Warren Buffett has said, value and growth “are joined at the hip.”
See growth is always a component in the calculation of the intrinsic value of a stock. Sometimes growth is enormously important to the calculation of value. Sometimes it’s not important at all. Sometimes growth positively impacts value. Sometimes growth can negatively impact value. But you have to take it into account to some extent when you’re projecting the future cash flows of a
business – whether you’re talking about a “growth” stock or a “value” stock.
That being said, business growth by itself – as in “this is a high growth company” or “this is a low growth company” – doesn’t tell you much about intrinsic value at all.
Being a high growth company can actually negatively impact intrinsic value in some cases. Growth only benefits investors when every dollar used to finance that growth creates more than a dollar in long-term value. Growth can hurt intrinsic value if a high growth business requires additional capital
to support itself, but can’t earn a sufficient return on that capital
The Warren Buffett Way
Combining value investing with growth investing allows investors to choose among top-notch businesses, buy at reasonable prices, and avoid the major volatility of strict growth investing. It may sound Motley, but it’s an excellent way to invest. Don’t take my word for it; take it from Warren Buffett: “It’s far better to buy a wonderful company at a fair price than a fair company at a wonderful price.”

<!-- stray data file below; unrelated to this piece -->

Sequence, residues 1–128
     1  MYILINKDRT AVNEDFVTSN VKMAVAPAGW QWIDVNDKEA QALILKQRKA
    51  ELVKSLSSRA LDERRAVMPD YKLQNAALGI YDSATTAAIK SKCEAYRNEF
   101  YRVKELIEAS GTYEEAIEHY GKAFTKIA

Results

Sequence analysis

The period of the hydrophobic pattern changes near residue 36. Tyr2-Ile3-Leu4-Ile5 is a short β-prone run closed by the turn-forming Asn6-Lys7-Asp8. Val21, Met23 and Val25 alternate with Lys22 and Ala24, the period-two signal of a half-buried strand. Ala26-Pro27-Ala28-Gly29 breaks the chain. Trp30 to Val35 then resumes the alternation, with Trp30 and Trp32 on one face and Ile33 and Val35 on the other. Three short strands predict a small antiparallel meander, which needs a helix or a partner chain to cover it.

“Growth stocks can be defined as shares in business enterprises that have demonstrated favorable underlying long-term growth in earnings and that, after careful research study, give indications of continued secular growth in the future.”
“A good stock picker is good precisely because he or she loves the process: sifting through thousands of public companies; studying balance sheets; learning the workings, the real details, of industries and businesses; investigating how a company treats its customers and vice versa. This is the only way I know to find great companies, and nothing beats the feeling when it pays off.
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